Ballot Issues

Abbi Ross // Editor in Chief

In addition to choosing local and federal candidates, Arkansas voters will weigh in on three proposed constitutional amendments related to sales tax, term limits and direct democracy.

The boxes for each of the three issues on this year's ballot include their official and popular titles, in addition to a brief summary. However, not all the names and summaries clearly explain the details of what would occur if each amendment is passed, which could leave some voters in the dark about what they're actually deciding on.

The passage of Issue 1, the "Transportation Sales Tax Continuation Amendment," would result in the permanent continuation of a 0.5% sales tax that has been charged in Arkansas since 2012. The tax revenue raised is used for improvements to state and local transportation, roads, bridges and highways. The sales tax does not apply to food items.

A “yes” vote would make the sales tax permanent, while a "no" vote to allow the tax to expire in 2023, as it is currently scheduled to.

The Arkansas Department of Finance and Administration estimates that the tax would raise almost $2.94 million per year. Supporters include Gov. Asa Hutchinson and the Arkansas State Chamber of Commerce. Opponents include some political organizations, like Americans for Prosperity and Americans for Tax Reform.

If passed, Issue 2, also known as the "Change State Legislative Term Limits Amendment" would shorten the time that a state legislator can serve consecutively to 12 years. Currently, legislators are allowed to serve a lifetime term of 16 years, either consecutively or otherwise. However, the amendment would also abolish lifetime term limits, and politicians would be permitted to serve 12-year-maximum terms every four years for the course of their careers.

A “yes,” vote supports these changes, while a “no” vote supports maintaining current term limits. Supporters of Issue 2 include the two Republican state legislators, Sen. Alan Clark and Rep. Jim Dotson, who sponsored the amendment in the state house and senate. Opponents include several state Democratic lawmakers and the term limit advocacy group U.S. Term Limits.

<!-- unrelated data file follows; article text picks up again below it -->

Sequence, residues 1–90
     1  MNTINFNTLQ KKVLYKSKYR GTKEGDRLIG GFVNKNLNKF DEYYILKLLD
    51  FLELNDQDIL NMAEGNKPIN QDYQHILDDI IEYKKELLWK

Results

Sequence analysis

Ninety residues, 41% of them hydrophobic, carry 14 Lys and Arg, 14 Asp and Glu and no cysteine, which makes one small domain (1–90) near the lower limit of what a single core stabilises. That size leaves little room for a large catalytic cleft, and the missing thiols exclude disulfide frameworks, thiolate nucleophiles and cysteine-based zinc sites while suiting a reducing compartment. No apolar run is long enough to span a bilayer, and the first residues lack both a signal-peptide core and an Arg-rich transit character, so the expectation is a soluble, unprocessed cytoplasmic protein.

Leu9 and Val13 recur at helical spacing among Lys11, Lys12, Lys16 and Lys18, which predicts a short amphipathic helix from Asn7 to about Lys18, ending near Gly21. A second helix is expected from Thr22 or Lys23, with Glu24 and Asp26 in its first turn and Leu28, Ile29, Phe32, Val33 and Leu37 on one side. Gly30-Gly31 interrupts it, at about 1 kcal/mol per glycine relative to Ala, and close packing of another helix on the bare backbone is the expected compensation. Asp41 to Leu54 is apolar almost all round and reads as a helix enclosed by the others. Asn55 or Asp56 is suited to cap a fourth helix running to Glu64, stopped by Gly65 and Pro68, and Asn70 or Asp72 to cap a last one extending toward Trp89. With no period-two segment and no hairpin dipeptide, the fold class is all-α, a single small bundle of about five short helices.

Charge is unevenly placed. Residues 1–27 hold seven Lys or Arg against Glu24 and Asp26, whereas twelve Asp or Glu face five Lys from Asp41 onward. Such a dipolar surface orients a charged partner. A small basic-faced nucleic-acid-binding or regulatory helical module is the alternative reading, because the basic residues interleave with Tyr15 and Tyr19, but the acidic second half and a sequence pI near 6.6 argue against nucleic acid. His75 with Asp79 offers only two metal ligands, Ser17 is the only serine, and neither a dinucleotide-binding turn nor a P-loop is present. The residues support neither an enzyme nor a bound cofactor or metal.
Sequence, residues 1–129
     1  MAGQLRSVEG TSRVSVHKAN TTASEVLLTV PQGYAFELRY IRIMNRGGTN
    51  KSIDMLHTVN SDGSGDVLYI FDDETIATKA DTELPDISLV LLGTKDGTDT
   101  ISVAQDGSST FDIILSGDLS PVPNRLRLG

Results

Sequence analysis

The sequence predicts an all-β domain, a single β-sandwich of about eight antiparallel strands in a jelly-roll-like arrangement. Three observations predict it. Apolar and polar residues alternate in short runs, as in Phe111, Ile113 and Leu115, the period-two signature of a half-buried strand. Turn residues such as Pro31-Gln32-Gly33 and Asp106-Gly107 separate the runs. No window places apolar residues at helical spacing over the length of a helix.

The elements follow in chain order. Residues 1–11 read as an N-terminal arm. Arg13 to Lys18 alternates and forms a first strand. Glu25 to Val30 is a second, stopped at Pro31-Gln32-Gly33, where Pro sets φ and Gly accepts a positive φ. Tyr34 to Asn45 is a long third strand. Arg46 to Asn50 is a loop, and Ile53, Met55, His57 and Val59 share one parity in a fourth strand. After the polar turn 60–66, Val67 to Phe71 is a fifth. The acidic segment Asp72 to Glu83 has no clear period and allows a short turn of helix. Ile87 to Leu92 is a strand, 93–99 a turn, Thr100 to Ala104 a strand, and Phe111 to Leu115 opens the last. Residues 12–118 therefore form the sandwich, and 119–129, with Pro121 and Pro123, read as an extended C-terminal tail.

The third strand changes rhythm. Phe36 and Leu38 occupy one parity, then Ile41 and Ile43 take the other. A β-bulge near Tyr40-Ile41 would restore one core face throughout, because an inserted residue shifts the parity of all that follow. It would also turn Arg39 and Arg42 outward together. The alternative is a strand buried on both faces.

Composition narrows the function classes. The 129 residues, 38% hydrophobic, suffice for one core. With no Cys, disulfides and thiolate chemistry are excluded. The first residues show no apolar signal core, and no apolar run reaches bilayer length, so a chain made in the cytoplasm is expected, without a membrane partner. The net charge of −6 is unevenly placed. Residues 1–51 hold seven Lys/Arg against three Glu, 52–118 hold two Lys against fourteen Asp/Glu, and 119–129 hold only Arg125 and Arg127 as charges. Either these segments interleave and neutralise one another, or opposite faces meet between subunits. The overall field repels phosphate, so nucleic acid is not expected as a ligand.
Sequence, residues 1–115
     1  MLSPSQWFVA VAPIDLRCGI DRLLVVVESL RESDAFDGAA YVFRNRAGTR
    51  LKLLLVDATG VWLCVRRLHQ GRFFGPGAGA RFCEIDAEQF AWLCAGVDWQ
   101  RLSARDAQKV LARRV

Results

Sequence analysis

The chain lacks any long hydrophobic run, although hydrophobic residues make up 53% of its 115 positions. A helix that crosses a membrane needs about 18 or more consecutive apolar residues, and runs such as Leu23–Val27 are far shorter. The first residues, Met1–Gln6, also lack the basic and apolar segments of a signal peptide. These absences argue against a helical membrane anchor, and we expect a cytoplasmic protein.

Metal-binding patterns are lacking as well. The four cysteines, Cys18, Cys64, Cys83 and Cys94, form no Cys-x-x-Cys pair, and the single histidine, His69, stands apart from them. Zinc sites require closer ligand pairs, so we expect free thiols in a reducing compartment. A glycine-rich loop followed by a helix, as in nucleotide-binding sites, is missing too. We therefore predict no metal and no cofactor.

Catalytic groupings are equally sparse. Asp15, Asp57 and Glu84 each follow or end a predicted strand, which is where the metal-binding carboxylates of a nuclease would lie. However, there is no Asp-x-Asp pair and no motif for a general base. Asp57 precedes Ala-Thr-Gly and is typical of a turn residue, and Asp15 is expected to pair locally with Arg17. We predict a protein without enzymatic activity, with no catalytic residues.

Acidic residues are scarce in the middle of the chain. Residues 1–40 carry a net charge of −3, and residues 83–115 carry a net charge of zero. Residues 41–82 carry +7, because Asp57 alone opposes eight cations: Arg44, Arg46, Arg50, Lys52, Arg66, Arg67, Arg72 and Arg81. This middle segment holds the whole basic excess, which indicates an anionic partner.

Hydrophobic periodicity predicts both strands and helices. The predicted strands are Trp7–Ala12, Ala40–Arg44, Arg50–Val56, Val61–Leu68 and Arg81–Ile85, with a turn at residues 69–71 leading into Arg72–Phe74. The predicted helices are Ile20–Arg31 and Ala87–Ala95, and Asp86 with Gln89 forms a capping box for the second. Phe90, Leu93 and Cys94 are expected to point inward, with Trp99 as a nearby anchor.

For Issue 3, or the "Initiative Process and Legislative Referral Requirements Amendment," a “yes,” is a vote to introduce greater requirements for citizen initiative petitions to meet in order to get a proposed constitutional amendment on the Arkansas ballot. A “no” vote endorses requirements remaining as they are.

Issue 3 would require petitions for proposed constitutional amendments to include valid signatures of citizens from 45 counties, rather than the current 15. It would also eliminate the existing 30-day grace period for petitioners to obtain extra signatures if their petition has 75% of necessary signatures but has fallen short of meeting the required number.

The amendment would also require three-fifths of each chamber of the state legislature to vote to refer any proposed constitutional amendment to voters. The current citizen initiative process includes no such legislative involvement. The date to submit a petition would change from four months before the election to January 15 of that year, and challenges to the sufficiency of a ballot measure would have to be filed no later than April 15.

Supporters include Sen. Tom Cotton, the Arkansas Farm Bureau and the Arkansas State Chamber of Commerce. Opponents include the Arkansas Education Association, the League of Women Voters of Arkansas, and the NAACP of Arkansas.

Issue 6, a referendum regarding the practice of optometry in Arkansas, will also appear on ballots. However, no votes on this issue will be counted because the Arkansas Supreme Court struck it down Sept. 17 over issues with the signature gathering process.

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